Five key features to look for in an oil and gas ERP
While many assume that the oil and gas sectors look like ‘any other’ industrial business, when it comes to ERP operations specific elements must apply.
Oil and gas is more than a single industry. Drilling, extracting, purifying, and distributing are all parts of oil and gas overall and each one has unique demands for the perfect ERP system. Software developers do watch out for us and we can choose from many products, some of which are specific to a single line of the business and others have flexibility built in to work with more than a single segment. There are some common needs that we should consider and the ERP you choose must meet your requirements.
Consequently, here are five key features that must apply to any ERP platform in use by oil and gas companies.
1. Local and global financial reporting
Every segment of the industry is global. Wells are in one country and refineries in another. Customers are spread across the planet too. Every location has their own tax systems built on sales revenue or quantity moved to or from the locale. Doing business of any kind means we must provide those tax and regulatory entities with the financial reports they request. Doing business also means we must work to minimize the tax burden on the enterprise. ERP for oil and gas has to manage both the local reporting required and help to balance the overall global burden.
2. Asset management
The assets required in the oil and gas business are expensive. Whether we manage an offshore drilling rig, a refinery, or a trans-national pipeline, we have billions of dollars involved. Our oil and gas ERP systems must help us keep those assets producing value continuously or help decide where they should be employed to produce greater value. Depreciation and amortization are key components of financial reporting and our ERP should work here to optimize profits.
3. Quality control
Quality control in many areas is critical in oil and gas and our ERP must help here too. While the products are extremely valuable, they are potential hazards to the environment at the same time. ERP should track any distribution losses to minimize occurrences and to aid with compliance reporting in refining and purification, those losses can be in liquid, gaseous, or solid forms and ERP has to enable the conversions. Customers have unique requirements as well and ERP should enable us to manage our processes to ensure each customer gets what they want at the optimal cost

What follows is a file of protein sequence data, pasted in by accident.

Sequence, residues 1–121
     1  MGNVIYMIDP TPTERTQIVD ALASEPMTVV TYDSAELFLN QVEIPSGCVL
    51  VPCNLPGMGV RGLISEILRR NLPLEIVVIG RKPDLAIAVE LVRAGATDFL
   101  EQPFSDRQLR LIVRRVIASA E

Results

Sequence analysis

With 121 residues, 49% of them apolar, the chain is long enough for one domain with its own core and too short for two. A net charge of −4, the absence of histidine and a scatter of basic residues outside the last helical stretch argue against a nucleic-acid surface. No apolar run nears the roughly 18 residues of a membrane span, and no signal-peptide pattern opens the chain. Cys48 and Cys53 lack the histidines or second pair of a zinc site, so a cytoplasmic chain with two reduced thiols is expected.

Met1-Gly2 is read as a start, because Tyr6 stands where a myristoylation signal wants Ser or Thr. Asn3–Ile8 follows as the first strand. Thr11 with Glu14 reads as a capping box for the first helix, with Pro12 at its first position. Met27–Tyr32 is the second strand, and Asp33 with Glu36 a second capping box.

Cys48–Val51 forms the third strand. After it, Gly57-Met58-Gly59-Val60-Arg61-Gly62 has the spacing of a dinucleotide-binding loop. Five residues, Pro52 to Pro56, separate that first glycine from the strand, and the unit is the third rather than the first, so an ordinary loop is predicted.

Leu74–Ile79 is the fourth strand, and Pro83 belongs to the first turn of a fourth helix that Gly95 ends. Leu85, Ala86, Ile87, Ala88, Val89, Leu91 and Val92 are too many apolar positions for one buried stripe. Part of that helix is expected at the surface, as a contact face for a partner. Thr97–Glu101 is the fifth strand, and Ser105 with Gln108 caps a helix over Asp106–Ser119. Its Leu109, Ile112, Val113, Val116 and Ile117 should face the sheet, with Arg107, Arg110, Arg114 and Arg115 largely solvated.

4. Inventory management
Inventory is an important asset to be managed, always seeking an optimum level. A business needs enough oil and gas in some form to avoid missing any sale. Too much, however, is a cost to be avoided. What is unique in oil and gas is that a large component of inventory is known with little certainty. The geologists predict some quantity is under the ground and large investments are made based on those assumptions. But only later when the last drop of oil is pumped out do we know the precise quantity. Even then, we can often “find” new inventory using newly developed techniques such as fracking. Oil and gas ERP has to deal with variable inventories, unlike many other businesses.
5. Business intelligence
The unique features of oil and gas make business intelligence a special requirement. We must constantly analyze global politics to determine what the effects are on both supply and demand. We must constantly stay ahead of difficult to predict compliance requirements.